BSR report reveals business opportunities in reverse logistics

Companies are setting targets to eliminate all waste from products’ end-of-life.
By Patrick Burnson, Executive Editor
August 06, 2010 - SCMR Editorial

BSR’s latest report examines the newest frontier of sustainability, outlining the opportunities for companies to deliver value to customers, society, and the planet by promoting sustainable consumption—an economic and social system that allows all individuals to meet their basic needs without disrupting the planet’s healthy ecosystems. The implications for reverse logistics are also made clear.

“For years, sustainable consumption has been framed as a limitation on business,” said BSR President and CEO Aron Cramer, who recently led a workshop on the subject in New York with BSR member companies from the agriculture, apparel, food, retail, personal care, and beauty sectors. “But in a world where our consumption patterns outpace the planet’s ability to regenerate resources by 30 percent, businesses that figure out how to deliver enhanced value by radically reducing material inputs and engaging consumers on product use will be well-positioned for success.”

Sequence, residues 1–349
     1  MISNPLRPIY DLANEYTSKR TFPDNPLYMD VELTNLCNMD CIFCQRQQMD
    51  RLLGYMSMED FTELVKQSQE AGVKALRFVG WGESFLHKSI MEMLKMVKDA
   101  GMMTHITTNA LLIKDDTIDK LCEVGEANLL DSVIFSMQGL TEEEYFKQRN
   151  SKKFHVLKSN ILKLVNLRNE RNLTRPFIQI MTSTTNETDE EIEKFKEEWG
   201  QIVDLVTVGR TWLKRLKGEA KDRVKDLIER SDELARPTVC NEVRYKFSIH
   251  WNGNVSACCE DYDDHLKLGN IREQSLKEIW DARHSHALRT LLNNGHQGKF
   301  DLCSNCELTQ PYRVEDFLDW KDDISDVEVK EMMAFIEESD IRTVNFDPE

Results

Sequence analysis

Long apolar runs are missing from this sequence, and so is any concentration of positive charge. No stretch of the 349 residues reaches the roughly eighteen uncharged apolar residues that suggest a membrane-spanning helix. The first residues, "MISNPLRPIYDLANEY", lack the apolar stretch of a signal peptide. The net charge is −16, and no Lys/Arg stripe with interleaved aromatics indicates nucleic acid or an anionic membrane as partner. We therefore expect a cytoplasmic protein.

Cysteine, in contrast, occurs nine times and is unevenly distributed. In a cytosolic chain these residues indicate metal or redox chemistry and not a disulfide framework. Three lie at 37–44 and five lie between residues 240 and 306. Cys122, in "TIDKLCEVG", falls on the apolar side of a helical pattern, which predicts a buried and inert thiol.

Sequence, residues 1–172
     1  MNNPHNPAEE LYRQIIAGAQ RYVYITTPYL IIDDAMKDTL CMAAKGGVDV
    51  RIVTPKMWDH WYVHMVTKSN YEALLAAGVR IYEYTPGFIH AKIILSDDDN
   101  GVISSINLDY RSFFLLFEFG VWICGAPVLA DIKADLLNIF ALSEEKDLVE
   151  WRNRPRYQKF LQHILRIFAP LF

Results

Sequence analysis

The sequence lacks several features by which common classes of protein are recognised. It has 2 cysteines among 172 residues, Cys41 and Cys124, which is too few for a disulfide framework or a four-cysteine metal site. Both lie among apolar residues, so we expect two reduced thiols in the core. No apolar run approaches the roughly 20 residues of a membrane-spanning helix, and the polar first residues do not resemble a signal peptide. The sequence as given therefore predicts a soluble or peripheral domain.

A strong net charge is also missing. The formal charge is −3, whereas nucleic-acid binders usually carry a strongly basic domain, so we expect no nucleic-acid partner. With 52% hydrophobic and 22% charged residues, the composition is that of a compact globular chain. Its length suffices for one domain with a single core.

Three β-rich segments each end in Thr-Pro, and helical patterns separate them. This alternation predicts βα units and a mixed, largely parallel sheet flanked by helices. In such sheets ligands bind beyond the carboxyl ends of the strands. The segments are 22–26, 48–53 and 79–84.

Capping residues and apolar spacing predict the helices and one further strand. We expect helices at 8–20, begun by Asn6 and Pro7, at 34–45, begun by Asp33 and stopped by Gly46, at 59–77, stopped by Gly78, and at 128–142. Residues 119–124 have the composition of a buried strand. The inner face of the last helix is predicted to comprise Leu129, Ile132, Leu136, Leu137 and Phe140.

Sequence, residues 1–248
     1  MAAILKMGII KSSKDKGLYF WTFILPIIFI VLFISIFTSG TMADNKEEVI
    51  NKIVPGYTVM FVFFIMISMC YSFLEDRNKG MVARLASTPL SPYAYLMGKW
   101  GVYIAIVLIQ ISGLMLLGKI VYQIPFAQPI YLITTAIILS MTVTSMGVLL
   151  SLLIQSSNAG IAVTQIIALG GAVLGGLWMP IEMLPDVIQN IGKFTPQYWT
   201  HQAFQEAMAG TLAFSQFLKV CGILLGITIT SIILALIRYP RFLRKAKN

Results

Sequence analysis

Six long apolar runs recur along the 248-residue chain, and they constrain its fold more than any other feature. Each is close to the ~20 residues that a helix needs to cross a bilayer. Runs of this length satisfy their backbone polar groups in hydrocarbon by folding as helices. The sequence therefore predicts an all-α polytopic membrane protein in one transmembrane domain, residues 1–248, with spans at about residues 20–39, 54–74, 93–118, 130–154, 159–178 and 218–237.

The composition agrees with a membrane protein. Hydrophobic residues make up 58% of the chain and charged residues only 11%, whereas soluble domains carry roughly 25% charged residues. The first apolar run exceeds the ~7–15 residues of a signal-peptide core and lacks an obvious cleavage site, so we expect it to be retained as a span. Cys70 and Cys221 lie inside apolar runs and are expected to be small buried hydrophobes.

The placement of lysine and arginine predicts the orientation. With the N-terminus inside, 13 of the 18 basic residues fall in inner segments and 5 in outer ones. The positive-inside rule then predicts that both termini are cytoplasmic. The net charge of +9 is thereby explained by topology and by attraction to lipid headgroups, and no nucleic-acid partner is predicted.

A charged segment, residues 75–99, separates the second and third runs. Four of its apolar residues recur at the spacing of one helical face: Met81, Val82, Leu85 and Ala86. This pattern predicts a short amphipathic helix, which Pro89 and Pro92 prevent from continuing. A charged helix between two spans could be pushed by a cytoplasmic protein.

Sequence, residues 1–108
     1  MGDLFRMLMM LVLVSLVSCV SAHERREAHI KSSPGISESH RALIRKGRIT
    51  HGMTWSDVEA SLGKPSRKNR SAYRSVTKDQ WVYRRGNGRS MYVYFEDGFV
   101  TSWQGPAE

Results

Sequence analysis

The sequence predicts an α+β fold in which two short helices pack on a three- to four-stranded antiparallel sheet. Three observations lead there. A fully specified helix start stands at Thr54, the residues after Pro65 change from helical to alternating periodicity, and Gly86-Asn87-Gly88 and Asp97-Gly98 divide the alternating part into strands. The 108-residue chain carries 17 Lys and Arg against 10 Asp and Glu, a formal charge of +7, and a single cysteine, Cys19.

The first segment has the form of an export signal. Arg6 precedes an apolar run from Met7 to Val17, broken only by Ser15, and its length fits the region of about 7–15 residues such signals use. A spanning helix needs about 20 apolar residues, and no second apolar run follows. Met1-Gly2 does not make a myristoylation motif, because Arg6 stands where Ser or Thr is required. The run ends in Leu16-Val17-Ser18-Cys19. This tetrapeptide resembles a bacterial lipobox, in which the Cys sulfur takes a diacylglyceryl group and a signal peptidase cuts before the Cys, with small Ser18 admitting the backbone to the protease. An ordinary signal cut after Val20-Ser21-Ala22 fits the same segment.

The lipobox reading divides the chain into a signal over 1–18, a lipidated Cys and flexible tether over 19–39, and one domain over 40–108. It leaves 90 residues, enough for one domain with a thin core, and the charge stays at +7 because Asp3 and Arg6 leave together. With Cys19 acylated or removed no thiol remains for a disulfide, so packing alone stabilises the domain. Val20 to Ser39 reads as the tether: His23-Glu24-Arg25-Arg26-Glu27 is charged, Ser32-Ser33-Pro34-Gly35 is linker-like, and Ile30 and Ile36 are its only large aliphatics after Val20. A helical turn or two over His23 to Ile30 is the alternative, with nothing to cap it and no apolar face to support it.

BSR’s report, “The New Frontier in Sustainability: The Business Opportunity in Tackling Sustainable Consumption,” moves beyond “first generation” sustainability efforts focused on sourcing of materials, processing and assembly, and distribution, and identifies opportunities for companies to tackle sustainable consumption through three key parts of the business value cycle:

  • Product design: Design choices about things like material weight and packaging have direct impacts on transportation costs and fuel use, while choices about energy efficiency directly impact energy consumption in a product’s use phase. In some cases, a focus on sustainable consumption may result in the radical redesign of familiar products, and in other cases, there may be an opportunity to deliver the same value through services (such as car-sharing) rather than products (such as car sales).

  • Consumer engagement and use: Consumers may be in the driver’s seat when it comes to choices about products and use, but companies can give consumers the keys to more sustainable behavior by embedding sustainable options into products and giving consumers simple, accessible information about how to use their products in a more sustainable manner.